GM, Union Talks Resume Second Day After Deadline
Contract talks between General Motors and the United Auto Workers union resumed late Sunday morning after negotiators talked all day Saturday, a person familiar with the talks said.
Negotiators for both sides adjourned the bargaining session at around 9 p.m. EDT Saturday and were back at the table around 11 a.m. EDT, a source close to the talks said on Sunday.
Sunday marks the fourth day of a marathon bargaining session aimed at clinching a new labor contract for the largest U.S. automaker.
The union had agreed to extend its now-expired contract on an hour-to-hour basis late Friday. One official at a union local said he was told Sunday morning he would get hourly updates throughout the day and was asked to stay ready for a possible strike, but added there were no other instructions that indicated an imminent strike.
While progress was made on some areas of the contract on Saturday afternoon, major issues remained unresolved, said the person close to the talks on Sunday.
The chief executives of Detroit's Big Three auto makers on Saturday spoke via a conference call about the ongoing contract talks, a person familiar with the meeting told Reuters.
GM Chief Executive Rick Wagoner, Ford CEO Alan Mulally, Chrysler CEO Robert Nardelli and Chrysler President Tom Lasorda were on the call, the person said.
GM and Chrysler LLC declined to comment while spokespeople from Ford Motor Co <F.N> could not be immediately reached.
It is not unusual for the three companies to talk about common interests during the contract talks, the person, who requested anonymity, said.
As the UAW's bargaining target, GM would be negotiating a contract that would be used as a pattern for the union's talks with Ford and Chrysler.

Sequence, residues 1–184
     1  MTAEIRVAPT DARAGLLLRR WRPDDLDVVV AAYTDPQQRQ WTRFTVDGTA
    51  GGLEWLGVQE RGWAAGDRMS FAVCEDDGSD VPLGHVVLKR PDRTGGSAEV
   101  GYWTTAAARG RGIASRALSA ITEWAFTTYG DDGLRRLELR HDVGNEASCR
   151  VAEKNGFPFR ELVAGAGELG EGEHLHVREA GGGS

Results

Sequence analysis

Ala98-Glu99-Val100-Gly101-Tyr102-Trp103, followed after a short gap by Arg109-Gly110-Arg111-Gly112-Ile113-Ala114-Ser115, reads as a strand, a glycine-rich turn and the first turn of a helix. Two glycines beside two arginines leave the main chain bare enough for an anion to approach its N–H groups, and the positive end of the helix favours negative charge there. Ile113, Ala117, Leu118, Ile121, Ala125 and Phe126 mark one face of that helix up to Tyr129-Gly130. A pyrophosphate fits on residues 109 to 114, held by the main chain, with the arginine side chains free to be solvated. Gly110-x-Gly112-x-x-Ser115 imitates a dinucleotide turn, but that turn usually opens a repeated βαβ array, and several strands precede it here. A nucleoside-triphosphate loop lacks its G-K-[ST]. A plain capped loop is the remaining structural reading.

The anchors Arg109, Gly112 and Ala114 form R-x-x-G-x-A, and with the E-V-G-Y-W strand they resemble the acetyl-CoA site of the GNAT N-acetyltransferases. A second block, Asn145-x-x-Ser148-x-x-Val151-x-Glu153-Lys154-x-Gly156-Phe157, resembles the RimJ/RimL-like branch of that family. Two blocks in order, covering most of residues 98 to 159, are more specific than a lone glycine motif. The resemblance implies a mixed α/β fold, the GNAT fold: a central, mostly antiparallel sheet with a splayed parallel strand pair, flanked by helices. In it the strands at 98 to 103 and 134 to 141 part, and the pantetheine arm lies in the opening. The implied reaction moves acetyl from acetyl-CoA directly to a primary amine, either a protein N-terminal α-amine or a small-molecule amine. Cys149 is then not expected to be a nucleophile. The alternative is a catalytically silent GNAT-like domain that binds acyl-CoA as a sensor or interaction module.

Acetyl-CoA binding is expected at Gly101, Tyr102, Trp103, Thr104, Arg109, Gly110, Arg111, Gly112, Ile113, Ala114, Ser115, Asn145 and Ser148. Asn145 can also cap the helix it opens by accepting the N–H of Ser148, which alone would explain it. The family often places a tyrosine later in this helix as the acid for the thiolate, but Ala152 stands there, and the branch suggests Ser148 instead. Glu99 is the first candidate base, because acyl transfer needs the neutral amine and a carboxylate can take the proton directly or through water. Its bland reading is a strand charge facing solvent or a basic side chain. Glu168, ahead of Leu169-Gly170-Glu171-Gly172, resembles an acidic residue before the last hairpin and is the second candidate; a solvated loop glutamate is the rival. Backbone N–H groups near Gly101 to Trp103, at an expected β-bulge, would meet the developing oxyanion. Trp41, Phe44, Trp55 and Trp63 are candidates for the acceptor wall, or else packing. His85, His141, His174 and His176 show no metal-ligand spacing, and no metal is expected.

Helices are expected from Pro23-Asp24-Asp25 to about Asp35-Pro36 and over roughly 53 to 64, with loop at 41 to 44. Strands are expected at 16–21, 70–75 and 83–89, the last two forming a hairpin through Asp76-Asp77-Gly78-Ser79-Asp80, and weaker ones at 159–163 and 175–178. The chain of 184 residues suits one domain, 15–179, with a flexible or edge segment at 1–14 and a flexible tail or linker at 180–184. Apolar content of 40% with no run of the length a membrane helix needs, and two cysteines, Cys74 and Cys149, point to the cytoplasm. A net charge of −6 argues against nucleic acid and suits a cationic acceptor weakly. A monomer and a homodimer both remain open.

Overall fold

The early stages of the labor talks had focused on a complex plan to allow GM to cut billions of dollars in expenses for retiree health care by paying into a new UAW-aligned trust fund, according to people close to the talks.
Continuing negotiations between GM and UAW have stoked expectations the two sides were nearing a deal after eight weeks of bargaining and a strike appeared to be unlikely.
GM Workers Asked to Report to Work
Some union locals, who have readied workers to walk pickets, opened up the halls on Sunday after closing them Saturday night.
Late on Saturday, UAW Local 276 representing workers at GM's Arlington assembly plant told its members that a strike was not imminent as the bargaining team will be meeting through the weekend.
"All employees at the General Motors Assembly Plant in Arlington, Texas ... are instructed to report to work at your normal time on Monday, September 17, 2007," the union told its members in a bulletin that was posted on its Web site.
More than 70 union-represented facilities were set to shift back into operation on Monday.
The contract talks have taken some unexpected turns in the past few days.
After hitting an apparent snag in talks, the UAW singled out GM as its "strike target," a term it had avoided in more collegial negotiations in 2003.
Rival automakers Ford Motor Co. and privately held Chrysler LLC quickly signed contract extensions with the UAW, clearing the way for their factories to keep operating.
The Detroit-based automakers lost more than $15 billion in 2006 and have cut more than 80,000 jobs through buyouts driven by plant closings. Given the industry's weakness, analysts have viewed a strike as unlikely.
The last major UAW strike against GM was in 1998, when a walkout shut down almost all of the automaker's assembly plants, causing sales to plummet. GM never recovered its pre-strike U.S. market share of 31 percent and has lost about 7 percentage points since.
Wall Street analysts have been optimistic GM would clinch a deal to slash health-care costs totaling $4.8 billion in 2006.
Ford and Chrysler LLC were also in talks with the UAW to establish such a trust, sources have said.
GM's unfunded liability for such costs has been estimated at more than $50 billion.
GM and UAW have been sparring over how fully GM should be required to fund a special trust -- known as a voluntary employee beneficiary association, or VEBA -- in exchange for clearing that overhang from its balance sheet.